Torquemada offers the same kind of excitement that emanated from Bouwsma's work in 1970s and 1980s New York, when he was one of the most important leaders of the New Calligraphy movement that brought calligraphy forth as a mainstream art and craft, and spawned many of today's known calligraphers. Not only is this calligraphic art at its very digital finest, but it also introduces a completely new concept in drawing letters with a broad pen. Bouwsma's Torquemada Principle defines the harmony of weight, contrast, tension and space by consistently changing the angle of the broad pen between 0 and 80 degrees throughout all strokes. When the strokes become hairlines at the lowest angles, the paths made by the actual corners of the pen cross over one another, making the outline flat or slightly hollowed. This new calligraphic idea gives us the rare opportunity to quote an old Monty Python joke: Nobody expects the Spanish Inquisition!
Torquemada comes in four variations: Torquemada One regular and bold, and Torquemada Two regular and bold. The difference between Torquemada One and Two is not just a simple change in vertical metrics. The stroke proportions of each variation were also optically adjusted for maximum readability at small sizes, as well as maximum aesthetics for display work.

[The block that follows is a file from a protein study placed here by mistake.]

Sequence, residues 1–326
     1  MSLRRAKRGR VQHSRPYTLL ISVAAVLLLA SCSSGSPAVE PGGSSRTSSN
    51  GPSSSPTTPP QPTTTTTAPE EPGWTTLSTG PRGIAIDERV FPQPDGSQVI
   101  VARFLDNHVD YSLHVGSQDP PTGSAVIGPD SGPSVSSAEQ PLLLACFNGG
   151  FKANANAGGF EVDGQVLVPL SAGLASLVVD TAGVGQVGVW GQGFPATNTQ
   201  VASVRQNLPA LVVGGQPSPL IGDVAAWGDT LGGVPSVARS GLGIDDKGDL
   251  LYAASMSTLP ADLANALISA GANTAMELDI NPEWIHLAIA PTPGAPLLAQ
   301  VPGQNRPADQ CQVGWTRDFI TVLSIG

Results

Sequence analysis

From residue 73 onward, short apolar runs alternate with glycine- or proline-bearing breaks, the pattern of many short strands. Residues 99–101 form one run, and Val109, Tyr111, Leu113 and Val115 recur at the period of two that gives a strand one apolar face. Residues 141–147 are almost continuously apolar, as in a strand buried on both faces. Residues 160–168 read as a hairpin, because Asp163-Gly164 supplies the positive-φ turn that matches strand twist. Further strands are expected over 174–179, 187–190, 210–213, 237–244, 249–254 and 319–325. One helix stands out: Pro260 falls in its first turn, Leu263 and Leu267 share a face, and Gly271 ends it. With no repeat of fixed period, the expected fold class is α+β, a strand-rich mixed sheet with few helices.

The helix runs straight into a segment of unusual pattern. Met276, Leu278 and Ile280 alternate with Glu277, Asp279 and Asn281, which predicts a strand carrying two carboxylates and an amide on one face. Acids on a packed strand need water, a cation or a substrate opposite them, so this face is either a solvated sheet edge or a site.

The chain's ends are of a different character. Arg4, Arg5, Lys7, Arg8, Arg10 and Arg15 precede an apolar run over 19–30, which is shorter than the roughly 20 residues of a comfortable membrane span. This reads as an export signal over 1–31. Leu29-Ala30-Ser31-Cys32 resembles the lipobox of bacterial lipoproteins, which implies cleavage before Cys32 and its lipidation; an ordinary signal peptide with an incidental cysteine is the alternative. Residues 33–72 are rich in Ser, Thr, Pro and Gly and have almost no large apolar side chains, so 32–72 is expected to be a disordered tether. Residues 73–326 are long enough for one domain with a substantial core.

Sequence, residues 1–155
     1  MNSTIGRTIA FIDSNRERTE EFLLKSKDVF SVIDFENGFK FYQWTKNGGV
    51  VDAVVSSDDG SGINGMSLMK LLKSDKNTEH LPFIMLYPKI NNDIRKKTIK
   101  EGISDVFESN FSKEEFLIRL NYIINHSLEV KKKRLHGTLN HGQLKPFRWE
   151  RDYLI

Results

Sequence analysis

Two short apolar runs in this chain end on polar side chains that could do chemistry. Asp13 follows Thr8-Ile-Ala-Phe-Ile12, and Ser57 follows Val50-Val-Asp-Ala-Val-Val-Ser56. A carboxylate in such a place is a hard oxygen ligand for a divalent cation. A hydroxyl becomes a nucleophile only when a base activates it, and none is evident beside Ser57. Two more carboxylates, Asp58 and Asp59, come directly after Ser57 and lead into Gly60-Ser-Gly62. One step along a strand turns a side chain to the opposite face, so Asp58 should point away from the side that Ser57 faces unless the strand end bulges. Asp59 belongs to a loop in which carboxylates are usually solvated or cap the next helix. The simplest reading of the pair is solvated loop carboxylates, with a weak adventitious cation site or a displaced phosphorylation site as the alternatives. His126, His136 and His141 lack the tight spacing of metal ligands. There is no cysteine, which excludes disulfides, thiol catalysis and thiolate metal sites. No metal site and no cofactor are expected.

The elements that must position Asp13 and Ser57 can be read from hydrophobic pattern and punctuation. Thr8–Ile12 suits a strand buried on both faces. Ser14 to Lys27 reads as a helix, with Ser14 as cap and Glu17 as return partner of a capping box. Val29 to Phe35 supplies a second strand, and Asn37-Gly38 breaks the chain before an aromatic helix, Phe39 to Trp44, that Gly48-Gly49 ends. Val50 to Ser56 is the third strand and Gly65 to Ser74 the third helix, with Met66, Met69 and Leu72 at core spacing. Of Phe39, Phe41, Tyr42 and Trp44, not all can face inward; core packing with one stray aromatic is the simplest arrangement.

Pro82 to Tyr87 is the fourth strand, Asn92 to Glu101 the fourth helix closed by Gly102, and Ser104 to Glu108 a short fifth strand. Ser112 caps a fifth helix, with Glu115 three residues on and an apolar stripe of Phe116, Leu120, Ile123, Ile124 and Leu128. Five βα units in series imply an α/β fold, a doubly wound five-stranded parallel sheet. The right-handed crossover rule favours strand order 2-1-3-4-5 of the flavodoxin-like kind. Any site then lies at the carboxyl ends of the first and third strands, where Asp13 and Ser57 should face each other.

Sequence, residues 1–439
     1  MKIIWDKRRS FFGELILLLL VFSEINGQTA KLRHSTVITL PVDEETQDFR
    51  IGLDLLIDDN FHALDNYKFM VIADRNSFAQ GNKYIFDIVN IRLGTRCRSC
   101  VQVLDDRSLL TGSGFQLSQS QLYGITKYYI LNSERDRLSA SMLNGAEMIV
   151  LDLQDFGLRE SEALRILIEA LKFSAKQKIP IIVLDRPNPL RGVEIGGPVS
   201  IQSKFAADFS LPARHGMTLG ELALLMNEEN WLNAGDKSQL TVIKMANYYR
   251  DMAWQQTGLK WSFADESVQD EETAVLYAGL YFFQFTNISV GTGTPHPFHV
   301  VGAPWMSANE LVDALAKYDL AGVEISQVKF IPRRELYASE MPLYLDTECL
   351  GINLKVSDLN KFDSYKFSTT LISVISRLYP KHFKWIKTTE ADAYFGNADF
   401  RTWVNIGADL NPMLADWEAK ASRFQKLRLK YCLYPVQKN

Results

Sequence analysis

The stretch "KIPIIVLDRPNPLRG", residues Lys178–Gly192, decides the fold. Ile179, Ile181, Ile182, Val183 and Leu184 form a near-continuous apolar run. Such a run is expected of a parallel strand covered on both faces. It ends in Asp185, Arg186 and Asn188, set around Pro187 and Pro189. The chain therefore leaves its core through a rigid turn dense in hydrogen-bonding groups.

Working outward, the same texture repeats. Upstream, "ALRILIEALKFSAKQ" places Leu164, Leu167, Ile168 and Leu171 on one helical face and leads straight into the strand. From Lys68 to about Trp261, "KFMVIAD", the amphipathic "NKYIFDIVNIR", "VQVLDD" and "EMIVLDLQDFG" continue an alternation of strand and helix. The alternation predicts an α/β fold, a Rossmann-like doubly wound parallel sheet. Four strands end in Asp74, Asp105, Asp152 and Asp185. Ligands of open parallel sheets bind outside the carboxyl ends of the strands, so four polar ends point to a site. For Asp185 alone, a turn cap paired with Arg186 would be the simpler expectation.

Torquemada comes in all major font formats, in two separate packages priced affordable, or in one complete bundle, also priced very affordable. The OpenType version is two fonts, a regular and a bold, with the proportional alternates slotted as contextual substitutions in the programming of the font. A few alternates and random swashings are also included within the fonts.
Torquemada's applications are virtually endless. This is a real calligraphic workhorse that has the power to elevate any design to higher levels of visual appeal. You can trust this work to be the perfect choice for book, film and music covers, titling, posters, signage, flyers, packaging and all kinds of branding.
We'd like to think of the advent of Torquemada as the beginning of a new calligraphic Renaissance. And who is better to start it than a master of calligraphy like Philip Bouwsma?